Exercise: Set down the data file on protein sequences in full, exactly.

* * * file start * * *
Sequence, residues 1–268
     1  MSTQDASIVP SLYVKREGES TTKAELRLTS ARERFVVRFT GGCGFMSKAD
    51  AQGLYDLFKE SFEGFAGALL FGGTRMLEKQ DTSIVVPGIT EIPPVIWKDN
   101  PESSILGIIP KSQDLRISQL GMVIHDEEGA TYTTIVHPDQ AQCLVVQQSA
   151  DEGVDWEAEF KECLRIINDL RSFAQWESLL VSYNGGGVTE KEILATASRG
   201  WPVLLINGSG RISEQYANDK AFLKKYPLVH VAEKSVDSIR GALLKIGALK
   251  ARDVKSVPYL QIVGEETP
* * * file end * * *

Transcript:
Sequence, residues 1–268
     1  MSTQDASIVP SLYVKREGES TTKAELRLTS ARERFVVRFT GGCGFMSKAD
    51  AQGLYDLFKE SFEGFAGALL FGGTRMLEKQ DTSIVVPGIT EIPPVIWKDN
   101  PESSILGIIP KSQDLRISQL GMVIHDEEGA TYTTIVHPDQ AQCLVVQQSA
   151  DEGVDWEAEF KECLRIINDL RSFAQWESLL VSYNGGGVTE KEILATASRG
   201  WPVLLINGSG RISEQYANDK AFLKKYPLVH VAEKSVDSIR GALLKIGALK
   251  ARDVKSVPYL QIVGEETP